Biophilia lends depth and credence to the notion that we are natural creatures, for it adds to the unquestioned biotic requirements for human life, the intriguing notion that the wild nature which selected our genes is required to satisfy genetically programmed emotional and psychological needs as well. 

But the "nature" that effected this selection, is a nature that is fast disappearing due to our carelessness and greed, so that we may at length find ourselves in world to which we are ill-adapted.  Thus it may be a deadly error to treat nature solely as a mere resource for our use, for to do so is to commit the deadly sin of pride -- the hubris of regarding our artificial needs as of more fundamental value than the nature which, in fact, is continuous with ourselves.  Science tells us otherwise.  We are nature, and nature is us -- "the world is our body."

If the biophilia hypothesis is correct, the implications are portentous: destruction of the final remnants of wildness will cast us into an alien world, devoid of the landscape that selected us and thus, in a fundamental sense, is us.  Because we are quite unaware of the price of that alienation, we should pause before we commit ourselves to its payment.  In the meantime, we are best advised to preserve the wildness that remains, and to nurture its return to regions, such as the Adirondacks, from which it has been diminished.


Artifice and Agency. 

And yet, we are also "artificial," through and through, not only due to the artifacts which surround us, but more fundamentally due to that most basic of human institutions, language, which is the foundation of our mode of perception, of thought, of our funded knowledge, and of moral responsibility.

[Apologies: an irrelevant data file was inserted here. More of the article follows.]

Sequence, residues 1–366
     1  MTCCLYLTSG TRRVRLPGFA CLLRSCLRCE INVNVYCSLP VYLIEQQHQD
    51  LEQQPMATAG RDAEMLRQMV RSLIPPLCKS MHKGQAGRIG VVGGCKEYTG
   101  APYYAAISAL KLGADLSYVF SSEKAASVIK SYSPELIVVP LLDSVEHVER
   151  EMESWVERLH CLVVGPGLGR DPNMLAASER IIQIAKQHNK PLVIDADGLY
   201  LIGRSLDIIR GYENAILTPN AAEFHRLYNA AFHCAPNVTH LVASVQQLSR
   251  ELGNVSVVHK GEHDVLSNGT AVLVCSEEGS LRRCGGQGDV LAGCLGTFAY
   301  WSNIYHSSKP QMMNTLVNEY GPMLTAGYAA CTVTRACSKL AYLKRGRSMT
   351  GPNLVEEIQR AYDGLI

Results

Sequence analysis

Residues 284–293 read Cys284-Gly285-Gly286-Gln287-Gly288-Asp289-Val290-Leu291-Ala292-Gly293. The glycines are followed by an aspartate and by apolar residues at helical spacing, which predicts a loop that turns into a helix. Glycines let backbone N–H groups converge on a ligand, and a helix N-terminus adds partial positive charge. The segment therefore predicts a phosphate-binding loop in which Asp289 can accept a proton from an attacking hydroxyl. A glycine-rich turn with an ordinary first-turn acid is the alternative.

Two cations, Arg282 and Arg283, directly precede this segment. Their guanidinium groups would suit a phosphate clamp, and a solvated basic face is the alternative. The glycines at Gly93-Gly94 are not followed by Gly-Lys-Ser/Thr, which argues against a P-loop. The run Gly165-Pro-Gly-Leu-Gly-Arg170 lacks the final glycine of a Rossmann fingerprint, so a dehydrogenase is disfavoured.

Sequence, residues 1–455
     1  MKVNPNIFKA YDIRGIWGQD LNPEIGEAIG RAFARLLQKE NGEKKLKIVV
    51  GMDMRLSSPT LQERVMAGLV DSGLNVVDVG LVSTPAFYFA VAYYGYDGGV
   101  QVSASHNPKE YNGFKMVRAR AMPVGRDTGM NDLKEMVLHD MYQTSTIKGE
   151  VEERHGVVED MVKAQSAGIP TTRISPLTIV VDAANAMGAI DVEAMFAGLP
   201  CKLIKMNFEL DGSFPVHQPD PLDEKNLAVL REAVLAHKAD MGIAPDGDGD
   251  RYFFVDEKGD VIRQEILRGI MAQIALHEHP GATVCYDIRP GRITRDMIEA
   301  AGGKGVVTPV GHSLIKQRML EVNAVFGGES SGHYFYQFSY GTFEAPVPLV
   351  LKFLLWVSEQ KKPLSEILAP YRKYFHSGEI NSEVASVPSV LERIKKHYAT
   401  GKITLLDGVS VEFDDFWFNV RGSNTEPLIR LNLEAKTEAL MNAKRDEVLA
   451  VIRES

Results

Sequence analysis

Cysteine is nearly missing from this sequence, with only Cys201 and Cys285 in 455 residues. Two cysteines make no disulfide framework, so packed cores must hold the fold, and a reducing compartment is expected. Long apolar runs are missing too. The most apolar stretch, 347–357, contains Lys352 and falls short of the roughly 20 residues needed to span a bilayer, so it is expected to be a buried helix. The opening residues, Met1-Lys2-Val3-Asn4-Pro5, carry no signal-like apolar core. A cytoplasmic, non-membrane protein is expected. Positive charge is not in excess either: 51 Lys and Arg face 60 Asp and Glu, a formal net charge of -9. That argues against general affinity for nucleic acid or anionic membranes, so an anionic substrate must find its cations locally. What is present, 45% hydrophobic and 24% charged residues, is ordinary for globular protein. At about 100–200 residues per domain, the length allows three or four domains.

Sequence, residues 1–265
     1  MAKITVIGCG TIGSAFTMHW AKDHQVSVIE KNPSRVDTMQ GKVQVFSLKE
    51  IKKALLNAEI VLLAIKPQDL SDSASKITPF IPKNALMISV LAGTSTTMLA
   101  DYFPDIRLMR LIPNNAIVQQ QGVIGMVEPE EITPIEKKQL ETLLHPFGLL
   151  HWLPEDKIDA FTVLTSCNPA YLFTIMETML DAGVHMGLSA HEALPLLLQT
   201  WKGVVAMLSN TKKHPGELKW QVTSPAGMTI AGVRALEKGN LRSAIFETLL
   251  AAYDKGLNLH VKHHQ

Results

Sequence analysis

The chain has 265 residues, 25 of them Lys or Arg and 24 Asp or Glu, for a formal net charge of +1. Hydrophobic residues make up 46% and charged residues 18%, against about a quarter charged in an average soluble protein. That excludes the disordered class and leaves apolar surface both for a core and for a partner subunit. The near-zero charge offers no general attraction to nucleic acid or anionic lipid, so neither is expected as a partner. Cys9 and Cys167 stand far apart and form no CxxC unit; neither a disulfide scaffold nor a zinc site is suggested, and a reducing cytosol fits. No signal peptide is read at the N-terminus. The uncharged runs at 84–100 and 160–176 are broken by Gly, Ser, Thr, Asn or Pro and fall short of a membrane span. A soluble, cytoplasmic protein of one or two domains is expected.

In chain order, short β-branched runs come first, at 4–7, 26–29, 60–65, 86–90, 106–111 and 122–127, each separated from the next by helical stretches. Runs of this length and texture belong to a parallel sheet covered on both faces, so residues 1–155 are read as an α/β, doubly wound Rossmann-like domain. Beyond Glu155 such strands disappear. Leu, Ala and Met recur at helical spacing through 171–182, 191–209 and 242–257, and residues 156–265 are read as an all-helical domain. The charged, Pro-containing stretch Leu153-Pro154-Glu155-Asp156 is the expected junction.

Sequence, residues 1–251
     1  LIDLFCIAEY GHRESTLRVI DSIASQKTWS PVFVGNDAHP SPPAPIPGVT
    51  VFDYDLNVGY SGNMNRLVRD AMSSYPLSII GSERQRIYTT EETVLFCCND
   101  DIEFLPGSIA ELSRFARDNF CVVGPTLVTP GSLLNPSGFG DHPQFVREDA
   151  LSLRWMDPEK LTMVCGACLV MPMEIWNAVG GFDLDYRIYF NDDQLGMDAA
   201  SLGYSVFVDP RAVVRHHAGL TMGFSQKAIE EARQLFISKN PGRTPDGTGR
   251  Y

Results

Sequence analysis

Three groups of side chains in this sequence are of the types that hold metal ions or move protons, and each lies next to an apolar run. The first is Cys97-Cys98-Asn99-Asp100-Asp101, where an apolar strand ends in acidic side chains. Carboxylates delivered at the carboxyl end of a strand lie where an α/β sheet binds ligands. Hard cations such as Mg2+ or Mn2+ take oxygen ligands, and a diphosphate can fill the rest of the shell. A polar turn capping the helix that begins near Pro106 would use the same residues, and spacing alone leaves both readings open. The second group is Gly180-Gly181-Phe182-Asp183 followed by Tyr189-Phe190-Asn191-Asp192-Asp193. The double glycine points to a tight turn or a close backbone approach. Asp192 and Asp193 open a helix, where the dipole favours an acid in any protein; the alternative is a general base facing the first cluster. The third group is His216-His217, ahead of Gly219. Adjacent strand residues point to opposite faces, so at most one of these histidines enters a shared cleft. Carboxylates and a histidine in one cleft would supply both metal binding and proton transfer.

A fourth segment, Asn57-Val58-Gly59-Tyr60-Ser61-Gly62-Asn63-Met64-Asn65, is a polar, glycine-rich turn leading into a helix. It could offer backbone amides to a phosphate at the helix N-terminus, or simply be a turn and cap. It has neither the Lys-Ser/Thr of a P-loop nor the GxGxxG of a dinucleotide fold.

Mark Twain once said that "Man is the only animal that blushes - or needs to." That observation was more wisdom than wit.  Blushing is a response to the moral sentiments of shame and guilt.  These sentiments, along with the positive sentiments of pride and approbation, issue from our concept of self and from our knowledge of good and evil - from the bite of Eve's apple.

We blush, and need to, because we evaluate.  We rank things as good or better, as bad or worse.  And when we evaluate morally, we evaluate ourselves and other selves.  Our capacity to evaluate, combined with the knowledge discovered by our sciences and the capacities gained by our technology, place upon us the inalienable and portentous burden of moral responsibility.

Accordingly, to affirm that we are natural creatures, and then to say no more, is to utter a pernicious half-truth.  For we are natural creatures with a difference: we are creatures who have evolved through and past a momentous transformation -- the transformation into moral agency.  Through our acquisition of articulate syntactic language, and our accumulation of culture, we have become self-conscious, deliberative, and thus responsible for our behavior.  In this sense we are, to the best of our knowledge, unique in this regard.  Thus, while we might "retrain" disobedient animals, we do not hold them morally responsible and put them on trial.

The significance of moral agency can scarcely be overstated, for on a planet without moral agents, there are no rights, no duties, no justice, no virtue or vice, and no responsibility, though on a personless planet with a flourishing ecosystem and sentient beings, there will be values and value-potentials.

With our acquisition of moral agency, we have also acquired the capacity to recognize, celebrate, enhance nature, and thus the responsibility to protect and preserve the natural values around us.  We should be ever mindful that with these capacities for recognition, knowledge and celebration comes the burden of responsibility.  For as we come to recognize the value in nature, we also recognize its vulnerability.  We are responsible for nature because our science has given us some understanding of the processes at work in nature, and our technology has given us the capacity and thus the choice either to preserve or destroy our natural estate.  And finally, if the central contention of this paper is correct, through reflection we recognize the values within nature.  These four conditions, knowledge, capacity, choice and value significance, entail our moral responsibility toward nature.

Responsibility, let us remember, is a burden, since, given knowledge and capacity, the choice to do nothing is a dereliction.  Thus, having taken up the burden of responsibility for nature, we are not morally permitted to set it down again.